We are lost in darkness, and the light is our guide to whatever lies ahead. The end is coming and there will be a new beginning, but it could be for good or evil. The image does a brilliant job at catching the attention of fans, but those who lack interest in the series will show little interest in the poster. Only a fan can catch all of the important factors within the illustration. The poster works to rejuvenate the interest for those whose attention has waned overtime, and it does so masterfully.

Written September 8, 2010 with slight edits on March 27, 2015 by Joshua Hedgepeth

Conversations with a Climate Change Denier

I hope he doesn’t read this. The first thing he told me was how much he hated the phrase Climate Change Denier, but it’s hard not think of him as one. He isn’t stupid. He’s an engineering grad student, and that’s not for the weak minded. He seems reasonable. He understands the fact of evolution, the age of the earth, and other things that many climate change deniers tend deny. Except, we’ve only just begun to delve into this beyond talking face to face. We’ve done some email correspondence, and I’ve sent my first round of rebuttals. If he ever gets the time we’ll see how he responds to the facts.

That is one thing that bothers me. If he, by chance, ends up accepting climate change is real does that prove he wasn’t a denier? Is mere ignorance justification? I can’t help but think not. Whether he’s denying the facts or has yet to be presented with them, he’s chosen to make a conscious decision to deny that it’s real. I don’t blame him because he is only human, and it’s likely its motivated by political or ideological thinking. There is no shame in admitting you’re wrong, so denier or not, if he’s willing to accept the facts then that is really all that matters. But will he? Only time will tell.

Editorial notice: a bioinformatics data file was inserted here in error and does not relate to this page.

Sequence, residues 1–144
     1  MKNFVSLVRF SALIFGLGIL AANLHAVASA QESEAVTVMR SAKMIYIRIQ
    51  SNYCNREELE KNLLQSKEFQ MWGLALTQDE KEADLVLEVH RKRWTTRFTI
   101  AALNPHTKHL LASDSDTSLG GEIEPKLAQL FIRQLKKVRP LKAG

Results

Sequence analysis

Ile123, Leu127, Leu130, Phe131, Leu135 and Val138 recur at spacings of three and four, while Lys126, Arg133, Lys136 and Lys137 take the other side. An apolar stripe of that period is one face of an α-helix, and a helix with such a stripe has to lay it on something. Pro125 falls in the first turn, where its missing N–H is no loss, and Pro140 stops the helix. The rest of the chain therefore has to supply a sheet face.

In the mean time, I want to share our conversation. I think it can be at least a little informational, but I’d love feedback if anyone is willing and able to do so. Because this is a learning process for myself too. I may get things wrong, or I may just do a poor job of defending it. After all, I’m not a scientist. However, I understand the consensus among scientists, and I am capable of at least a superficial understanding of the evidence.

I considered reformatting and reorganizing the email and response so it would flow better, but I’ve spent enough time on this as it is. I’ll show you what he wrote, and my responses will be italicized. Obviously you don’t have to read it all, but I appreciate you reading this far!

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Hey Josh,

Sorry for the late and (unfortunately) under-researched response. This is a really fascinating subject, and I have learned a lot in a short period of time. I can’t dedicate as much time to this as I would like, but here is a starting point:

http://wattsupwiththat.com/2010/12/26/co2-ice-cores-vs-plant-stomata/

You will probably be quickly repulsed by the rhetoric on this site, but try to look at the data.

This has taken me while to review and understand. The writers point seems clear though: the ice cap data and the planta stomata do not match. I found it difficult to understand, and I may be misunderstanding it. If so, try to explain it for me because just the link isn’t going to do. But this is what I got out of it: The stomata are a much more granular than the ice caps. It can offer snapshots that are closer in time while the ice caps are a much broader look that gives an overall average but that do not represent the short term variability. But it’s the overall view that we care about. The differences may arise from that variability.

Now, take that with a grain of salt, because I had a hard time understanding what they were getting at and at understanding other sources on the net. What I really took away from it though was that essentially it looked like a bad comparison (like apples to oranges). There are other sources of evidence to verify their accuracy. We have atmospheric data spanning back 50 years from infared recordings. Since the 19th century we’ve had chemical analysis of the atmospheric CO2 concentrations, and both of these match the ice cores. And there are other ways to calibrate the “paleoclimate thermometer” that the ice represents. They’ve compared independent measurements (figure 3 of paleo link). It can also be used to understand the atmosphere’s composition overall which in turn is testable in other ways.